Student Loan Forgiveness Applications Have Been Paused. Now What?
Since the online form for one-time federal student loan forgiveness opened in mid-October, applications have been pouring in. The U.S. Department of Education estimates more than 26 million borrowers, or about half of those eligible, have applied for $10,000 to $20,000 in federal student debt cancellation.
But recently federal judges have found the plan unlawful and issued an injunction, closing the forgiveness application for now and throwing the future of student loan debt cancellation into uncertainty. Here’s what borrowers need to know.
What Happens Next to the Student Debt Relief Plan?
Rulings by a federal judge in Texas and the 8th U.S. Circuit Court of Appeals are part of half a dozen lawsuits against the student debt relief program. While previous legal challenges to one-time student loan forgiveness have ultimately been struck down by the U.S. Supreme Court due to a lack of standing, it’s unclear how SCOTUS might rule in these cases.
“We are disappointed in the decision of the Texas court to block loan relief moving forward,” Secretary of Education Miguel Cardona stated in a press release. “Amidst efforts to block our debt relief program, we are not standing down. The Department of Justice has appealed today’s decision on our behalf, and we will continue to keep borrowers informed about our efforts to deliver targeted relief.”
The Texas judge found the plan unconstitutional because federal procedures for public comment weren’t followed. The circuit court heard a suit brought by six states — claiming the president exceeded his authority and their tax revenues would be affected — and granted an injunction.
While the effort to forgive student debt plays out in courts, borrowers are left in a lurch. The final payment pause on federal student loans expires soon and payments are set to resume in January.
What Should Student Loan Borrowers Do Now?
As maddening as it is to sit and wait, that’s exactly what the Biden administration is advising students and parents to do. If you’ve already applied for student loan forgiveness, the Department of Education plans to keep applications on file and take action on forgiveness as soon as legal challenges can be resolved.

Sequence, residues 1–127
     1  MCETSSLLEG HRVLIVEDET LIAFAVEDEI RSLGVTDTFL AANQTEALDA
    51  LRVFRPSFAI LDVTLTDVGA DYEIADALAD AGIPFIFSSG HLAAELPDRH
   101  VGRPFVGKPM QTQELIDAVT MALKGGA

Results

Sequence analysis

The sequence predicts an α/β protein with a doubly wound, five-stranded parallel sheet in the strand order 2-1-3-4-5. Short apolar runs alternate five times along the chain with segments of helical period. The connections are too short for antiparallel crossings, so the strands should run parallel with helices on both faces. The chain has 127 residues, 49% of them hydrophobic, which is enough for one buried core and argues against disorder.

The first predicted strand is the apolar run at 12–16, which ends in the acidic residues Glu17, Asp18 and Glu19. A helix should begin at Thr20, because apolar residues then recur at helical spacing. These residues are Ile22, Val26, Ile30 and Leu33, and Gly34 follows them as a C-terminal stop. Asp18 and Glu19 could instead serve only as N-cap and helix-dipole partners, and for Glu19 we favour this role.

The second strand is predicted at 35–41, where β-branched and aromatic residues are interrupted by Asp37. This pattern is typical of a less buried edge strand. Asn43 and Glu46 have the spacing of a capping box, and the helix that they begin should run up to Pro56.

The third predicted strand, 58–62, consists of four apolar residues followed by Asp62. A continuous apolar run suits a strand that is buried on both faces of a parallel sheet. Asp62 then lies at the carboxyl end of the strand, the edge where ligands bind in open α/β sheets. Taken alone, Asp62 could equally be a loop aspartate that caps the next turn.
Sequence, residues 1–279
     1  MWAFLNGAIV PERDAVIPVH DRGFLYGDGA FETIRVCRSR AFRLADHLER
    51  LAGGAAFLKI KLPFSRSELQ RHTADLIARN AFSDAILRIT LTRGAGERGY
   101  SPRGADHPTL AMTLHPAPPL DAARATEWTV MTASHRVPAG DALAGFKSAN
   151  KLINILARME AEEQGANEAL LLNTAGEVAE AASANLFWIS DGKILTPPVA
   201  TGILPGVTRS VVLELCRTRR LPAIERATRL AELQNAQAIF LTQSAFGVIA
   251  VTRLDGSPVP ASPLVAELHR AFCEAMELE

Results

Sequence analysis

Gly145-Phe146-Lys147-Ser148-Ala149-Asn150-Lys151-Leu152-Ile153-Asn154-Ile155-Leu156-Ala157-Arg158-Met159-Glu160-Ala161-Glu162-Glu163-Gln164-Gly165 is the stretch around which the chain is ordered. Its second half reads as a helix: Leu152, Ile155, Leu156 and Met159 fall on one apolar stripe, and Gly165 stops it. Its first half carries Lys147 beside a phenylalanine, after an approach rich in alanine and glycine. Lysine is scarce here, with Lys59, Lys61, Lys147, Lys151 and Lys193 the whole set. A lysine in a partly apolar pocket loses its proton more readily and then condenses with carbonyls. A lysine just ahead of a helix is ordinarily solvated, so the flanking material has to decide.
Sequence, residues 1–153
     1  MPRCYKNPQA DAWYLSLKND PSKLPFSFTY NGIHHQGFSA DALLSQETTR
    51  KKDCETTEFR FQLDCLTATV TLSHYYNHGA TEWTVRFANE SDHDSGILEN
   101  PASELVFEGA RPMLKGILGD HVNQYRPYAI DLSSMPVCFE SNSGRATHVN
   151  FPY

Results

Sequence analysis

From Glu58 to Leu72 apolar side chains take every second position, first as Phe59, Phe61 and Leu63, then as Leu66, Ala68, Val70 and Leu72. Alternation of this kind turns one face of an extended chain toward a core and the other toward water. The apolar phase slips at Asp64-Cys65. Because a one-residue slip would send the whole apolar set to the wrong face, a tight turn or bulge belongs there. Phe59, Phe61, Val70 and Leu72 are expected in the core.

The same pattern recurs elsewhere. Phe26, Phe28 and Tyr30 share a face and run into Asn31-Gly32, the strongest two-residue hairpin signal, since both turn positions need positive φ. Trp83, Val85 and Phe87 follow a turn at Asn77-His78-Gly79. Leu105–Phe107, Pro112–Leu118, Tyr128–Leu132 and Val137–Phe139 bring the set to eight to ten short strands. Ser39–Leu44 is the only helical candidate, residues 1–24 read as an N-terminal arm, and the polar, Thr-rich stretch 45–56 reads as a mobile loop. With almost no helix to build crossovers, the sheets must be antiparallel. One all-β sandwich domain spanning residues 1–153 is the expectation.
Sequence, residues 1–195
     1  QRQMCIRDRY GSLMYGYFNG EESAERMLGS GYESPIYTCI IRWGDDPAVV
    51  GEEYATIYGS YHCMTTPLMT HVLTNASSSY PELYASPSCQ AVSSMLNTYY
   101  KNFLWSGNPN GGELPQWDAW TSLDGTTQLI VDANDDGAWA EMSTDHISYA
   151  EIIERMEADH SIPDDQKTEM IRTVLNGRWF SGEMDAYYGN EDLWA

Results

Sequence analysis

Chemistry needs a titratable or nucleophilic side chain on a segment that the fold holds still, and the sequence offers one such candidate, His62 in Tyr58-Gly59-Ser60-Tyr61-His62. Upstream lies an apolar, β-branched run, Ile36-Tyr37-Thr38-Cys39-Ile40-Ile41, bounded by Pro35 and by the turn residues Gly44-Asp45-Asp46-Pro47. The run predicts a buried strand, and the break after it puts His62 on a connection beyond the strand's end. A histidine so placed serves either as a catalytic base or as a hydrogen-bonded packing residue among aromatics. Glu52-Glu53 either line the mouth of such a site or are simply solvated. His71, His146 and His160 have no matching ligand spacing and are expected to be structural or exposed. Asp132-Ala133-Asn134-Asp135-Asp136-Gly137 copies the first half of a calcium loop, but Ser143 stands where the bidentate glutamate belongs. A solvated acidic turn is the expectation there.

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If you’re eligible but haven’t applied for student loan forgiveness yet, you’ll have to wait until the application opens again. In the meantime, it’s worthwhile to explore other options for federal student loan forgiveness including public service loan forgiveness and Perkins loan cancellation.
Will the Student Loan Payment Pause Be Extended?
In August, the pause on federal student loan payments — which began in March 2020 — was extended through Dec. 31 to facilitate the cancellation of debt. While another extension is possible, it’s unlikely.
At this point, it’s best for borrowers to prepare to resume payments on student loans in 2023. It’s unclear how long it will take courts to untangle legal challenges and determine if student debt cancellation can proceed.
Be patient as legal challenges play out and be aware that forgiveness may not occur until well into 2023 (if at all). In the meantime, keep up with federal student loan payments when they resume to avoid defaulting.
How to Prepare for Student Loan Payments to Resume
After nearly three years, most borrowers have gotten comfortable with not accounting for student loan payments in their monthly budgeting. As 2023 approaches, here are some steps you can take to add payments back into your financial plan.
1. Rework Your Budget
If you don’t have one, now is the time to take stock of your finances and make a monthly budget that will allow you to pay down your student loans. Check in with your borrower to verify what your payments will be.
2. Cut Your Costs
Finding the financial bandwidth to resume payments is really about trimming expenses and finding ways to save in other areas of your life. Try our money saving tips to cut expenses in dozens of small ways that can really add up.
3. Make More Money
The other option to creating more financial bandwidth is to generate additional income from a gig or side hustle. Try one of our 25 best side hustles such as food delivery, tutoring or freelancing.
And last but not least, if you can’t make your student loan payments, the federal government offers several types of forbearance or deferments for borrowers in financial difficulty. Check to see if you qualify or if an income-driven repayment plan would lower your monthly payments and make them more manageable.
Kaz Weida is a senior writer for The Penny Hoarder.